“There is a balance to be struck here. PDL sites may require a greater involvement associated with ground issues than those on former agricultural land, but they do have other benefits and are often fundamentally sustainable in terms of location and recycling of former redundant land”.
Adam adds, “It is also worth remembering that, from a geotechnical perspective at least, Greenfield does not always mean low risk, as our works on sites with landslips, natural voids, mining legacies, radon issues etc. highlight. There are many brownfield and greenfield sites where the potential issues are readily resolvable provided they are considered early and fully”.
“The key to success is a joined up design process that encompass professionals who understand the opportunities in the ground. If we consider site levels, layouts and risks from the outset, we can often deliver sites that have virtually no waste removal and have cost effective ground engineering solutions. What is most important is that services for ground investigation, ground assessment and design commence early and are integral to decision making. The most significant problems result where there are surprises or initial budgets were not cognisant of the key risks/issues in the ground”.
In summary, what are the top three risks developers need to be aware of?
1. Do your homework early.
It is a well-trodden ‘trope’ but there really is no substitute for initial investment in understanding the conditions and constraints of a site at the early stages. Considering the potential issues at the initial desk study stage is the optimal opportunity to identify and commence management of ground risks and resulting opportunities without spending large sums. At this early stage, ground conditions should be interpreted by seasoned professionals with whole project experience and knowledge to inform site viability, risk and cost assessment; problems often stem from limited appreciation of key issues early in the project lifecycle.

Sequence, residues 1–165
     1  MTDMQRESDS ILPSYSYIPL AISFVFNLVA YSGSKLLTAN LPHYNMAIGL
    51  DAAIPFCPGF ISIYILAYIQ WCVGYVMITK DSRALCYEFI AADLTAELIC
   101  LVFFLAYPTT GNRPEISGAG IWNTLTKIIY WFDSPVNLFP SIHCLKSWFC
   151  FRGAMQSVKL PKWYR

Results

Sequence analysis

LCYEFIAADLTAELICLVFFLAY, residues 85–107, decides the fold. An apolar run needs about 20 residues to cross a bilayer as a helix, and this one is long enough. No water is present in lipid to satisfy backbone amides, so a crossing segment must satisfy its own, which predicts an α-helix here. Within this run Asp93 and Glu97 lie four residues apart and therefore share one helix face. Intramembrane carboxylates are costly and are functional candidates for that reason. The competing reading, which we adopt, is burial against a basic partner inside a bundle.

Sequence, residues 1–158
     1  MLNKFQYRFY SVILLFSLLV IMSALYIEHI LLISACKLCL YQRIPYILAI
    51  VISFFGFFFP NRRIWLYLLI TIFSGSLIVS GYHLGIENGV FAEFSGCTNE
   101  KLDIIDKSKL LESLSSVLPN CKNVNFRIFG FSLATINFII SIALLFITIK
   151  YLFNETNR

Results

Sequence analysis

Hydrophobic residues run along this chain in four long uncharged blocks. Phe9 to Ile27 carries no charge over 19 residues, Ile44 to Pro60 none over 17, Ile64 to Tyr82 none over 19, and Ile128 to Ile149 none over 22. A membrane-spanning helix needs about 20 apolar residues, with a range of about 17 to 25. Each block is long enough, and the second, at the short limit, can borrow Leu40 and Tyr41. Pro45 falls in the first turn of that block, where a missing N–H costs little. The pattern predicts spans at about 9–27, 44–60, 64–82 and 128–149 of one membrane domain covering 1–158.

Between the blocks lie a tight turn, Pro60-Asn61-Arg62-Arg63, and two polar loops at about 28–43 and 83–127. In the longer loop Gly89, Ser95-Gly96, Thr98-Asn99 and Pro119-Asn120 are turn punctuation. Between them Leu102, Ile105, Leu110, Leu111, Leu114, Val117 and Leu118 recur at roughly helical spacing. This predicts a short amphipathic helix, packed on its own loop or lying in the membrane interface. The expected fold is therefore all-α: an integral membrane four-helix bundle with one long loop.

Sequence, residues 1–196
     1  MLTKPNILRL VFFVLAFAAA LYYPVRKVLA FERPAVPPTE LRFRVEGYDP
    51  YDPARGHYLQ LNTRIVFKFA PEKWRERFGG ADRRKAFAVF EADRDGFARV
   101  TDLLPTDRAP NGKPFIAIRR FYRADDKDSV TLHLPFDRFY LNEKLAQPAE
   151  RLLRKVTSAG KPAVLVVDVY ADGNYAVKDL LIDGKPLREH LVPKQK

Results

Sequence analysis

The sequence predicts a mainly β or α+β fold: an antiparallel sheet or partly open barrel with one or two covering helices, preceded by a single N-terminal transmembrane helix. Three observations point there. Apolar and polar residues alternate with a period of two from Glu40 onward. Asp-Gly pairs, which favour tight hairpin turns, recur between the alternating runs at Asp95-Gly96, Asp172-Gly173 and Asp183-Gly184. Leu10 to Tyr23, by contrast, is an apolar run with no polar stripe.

2. Good risk Assessment opens the door to cost savings.
Whilst there is a lot of complexity in terms of the assessment of contamination and geotechnical risks, it ultimately comes down to a process of understanding, and appropriately mitigating risks through an iterative process of expert assessment and design. When done properly, this can result in savings, for example by avoiding waste removal via reuse of soils or through value engineered design.
3. Recognise that ground risk management is an iterative process
The process of ground risk management is iterative whilst the construction process is often linear. When ground risks are identified and investigated early, cost effective solutions can be established that fit with the wider project timeframes and objectives. Due to the inherent uncertainty in the ground, this may require phased and targeted investigations and then ongoing, expert evaluation of the ground during the construction phase. The process yields opportunity and value when it is recognised, but uncomfortable surprises when it is circumnavigated. Understanding this allows developers and housebuilders to obtain the undoubted benefits of the ground risk management process.
Allow time so that the process can add real value. Whilst there can be uncertainty associated with the language of ground risk management, this should not prevent it forming a key point of discussion throughout the design development process (now easier than ever with the use of modern communication technologies).
Why risk it? is a campaign designed by our geotechnical experts with many years’ experience in the management of ground risks. As a practice, CampbellReith has worked on some of the most complex ground evaluation and remediation projects in the UK, contributing to major regeneration and future infrastructure developments. Over the coming weeks we will be considering some of the key issues to consider such that ground risks are understood and managed and related opportunities are realised on all projects.